Nathaniel Roberts's To Be Cared For makes an excellent contribution to the long history of the anthropology of Indian Christianity. In this engaged ethnography and elegantly argued book about the lives of Dalit Pentecostal Christians in a slum (“Anbu Nagar”) in Chennai, he focuses on how a small community of Dalits conceptualize and negotiate with caste and give meaning to religion. He shows “why some slum dwellers convert and others do not” (p. 5) and analyzes the unique moral problems and cultural contradictions.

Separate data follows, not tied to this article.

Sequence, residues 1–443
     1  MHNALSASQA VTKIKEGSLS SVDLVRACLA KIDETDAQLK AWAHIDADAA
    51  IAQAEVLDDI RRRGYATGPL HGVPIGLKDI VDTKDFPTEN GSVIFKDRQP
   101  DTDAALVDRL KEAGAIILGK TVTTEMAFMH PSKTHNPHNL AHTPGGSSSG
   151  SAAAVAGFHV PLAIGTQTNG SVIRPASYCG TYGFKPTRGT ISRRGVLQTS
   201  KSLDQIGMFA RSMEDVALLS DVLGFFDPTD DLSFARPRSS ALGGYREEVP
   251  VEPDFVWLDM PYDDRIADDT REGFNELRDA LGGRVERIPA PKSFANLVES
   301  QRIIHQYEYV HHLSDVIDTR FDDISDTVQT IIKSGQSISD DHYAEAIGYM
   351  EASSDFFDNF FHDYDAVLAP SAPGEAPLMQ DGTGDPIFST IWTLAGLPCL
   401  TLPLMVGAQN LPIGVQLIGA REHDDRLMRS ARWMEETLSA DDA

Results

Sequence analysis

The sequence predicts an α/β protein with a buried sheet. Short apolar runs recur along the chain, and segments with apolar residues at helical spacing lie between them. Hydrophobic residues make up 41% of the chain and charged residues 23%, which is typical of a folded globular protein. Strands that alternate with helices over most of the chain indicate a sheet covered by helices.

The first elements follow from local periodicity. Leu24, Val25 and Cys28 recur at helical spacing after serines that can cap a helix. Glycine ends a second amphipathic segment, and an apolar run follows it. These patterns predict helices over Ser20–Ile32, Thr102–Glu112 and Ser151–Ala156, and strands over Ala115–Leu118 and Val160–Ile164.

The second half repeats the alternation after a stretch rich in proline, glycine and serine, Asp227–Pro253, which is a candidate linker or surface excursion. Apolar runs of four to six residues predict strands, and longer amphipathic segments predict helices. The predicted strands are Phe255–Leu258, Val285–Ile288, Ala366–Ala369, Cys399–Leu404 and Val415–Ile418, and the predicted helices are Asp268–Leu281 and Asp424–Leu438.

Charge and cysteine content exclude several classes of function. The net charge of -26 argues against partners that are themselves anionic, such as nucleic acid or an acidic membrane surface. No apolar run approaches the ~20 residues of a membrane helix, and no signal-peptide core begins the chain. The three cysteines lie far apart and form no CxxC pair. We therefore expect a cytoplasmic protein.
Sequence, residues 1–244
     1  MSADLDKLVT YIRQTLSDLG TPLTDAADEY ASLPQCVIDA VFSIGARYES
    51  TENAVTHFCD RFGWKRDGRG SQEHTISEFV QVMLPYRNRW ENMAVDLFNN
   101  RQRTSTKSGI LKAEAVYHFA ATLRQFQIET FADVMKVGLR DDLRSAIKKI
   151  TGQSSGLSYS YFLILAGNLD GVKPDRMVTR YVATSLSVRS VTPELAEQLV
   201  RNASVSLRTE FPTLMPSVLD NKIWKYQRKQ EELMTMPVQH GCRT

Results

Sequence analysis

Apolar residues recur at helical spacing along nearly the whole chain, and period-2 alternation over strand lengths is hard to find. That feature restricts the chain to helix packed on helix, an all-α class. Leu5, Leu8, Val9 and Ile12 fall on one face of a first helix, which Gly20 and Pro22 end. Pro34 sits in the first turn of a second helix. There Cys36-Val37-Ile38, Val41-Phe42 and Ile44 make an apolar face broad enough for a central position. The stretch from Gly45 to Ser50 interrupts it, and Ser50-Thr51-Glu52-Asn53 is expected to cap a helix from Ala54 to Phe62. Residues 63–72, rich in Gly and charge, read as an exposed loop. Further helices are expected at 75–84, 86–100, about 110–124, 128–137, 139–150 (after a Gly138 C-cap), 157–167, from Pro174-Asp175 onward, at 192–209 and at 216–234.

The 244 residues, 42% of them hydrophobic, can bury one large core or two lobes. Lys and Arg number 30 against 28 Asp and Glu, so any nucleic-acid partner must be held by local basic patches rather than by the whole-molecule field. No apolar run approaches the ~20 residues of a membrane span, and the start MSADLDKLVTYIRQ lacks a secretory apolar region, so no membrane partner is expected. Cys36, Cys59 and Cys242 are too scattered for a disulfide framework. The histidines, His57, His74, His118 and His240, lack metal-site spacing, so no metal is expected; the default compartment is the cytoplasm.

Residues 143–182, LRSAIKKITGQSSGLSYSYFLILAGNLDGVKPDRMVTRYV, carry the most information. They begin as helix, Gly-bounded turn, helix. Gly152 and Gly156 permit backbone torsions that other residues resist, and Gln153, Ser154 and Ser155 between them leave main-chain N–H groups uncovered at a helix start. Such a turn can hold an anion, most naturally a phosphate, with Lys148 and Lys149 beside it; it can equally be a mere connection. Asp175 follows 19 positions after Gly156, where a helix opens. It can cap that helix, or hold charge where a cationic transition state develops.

To Roberts, the moral value of care is a constellation of interrelated words and concepts, which mean “seeing,” “attending to,” love, sympathy, giving aid to, and affection (p. 78). Through these, slum Christians account for their rejection by other Indians. To them, rejection was personally humiliating. By underlining themselves as simply human and nothing more, slum Christians connected to global humanity. Upper castes could not do so...

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